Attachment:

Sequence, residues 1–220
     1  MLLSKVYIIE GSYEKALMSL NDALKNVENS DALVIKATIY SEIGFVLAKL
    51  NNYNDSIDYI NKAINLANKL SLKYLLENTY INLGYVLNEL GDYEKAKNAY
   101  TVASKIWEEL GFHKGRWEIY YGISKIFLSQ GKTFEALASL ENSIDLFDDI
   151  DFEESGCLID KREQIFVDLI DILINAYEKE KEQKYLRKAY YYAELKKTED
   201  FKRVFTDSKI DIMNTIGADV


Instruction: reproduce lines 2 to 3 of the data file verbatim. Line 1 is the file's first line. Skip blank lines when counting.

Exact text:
     1  MLLSKVYIIE GSYEKALMSL NDALKNVENS DALVIKATIY SEIGFVLAKL
    51  NNYNDSIDYI NKAINLANKL SLKYLLENTY INLGYVLNEL GDYEKAKNAY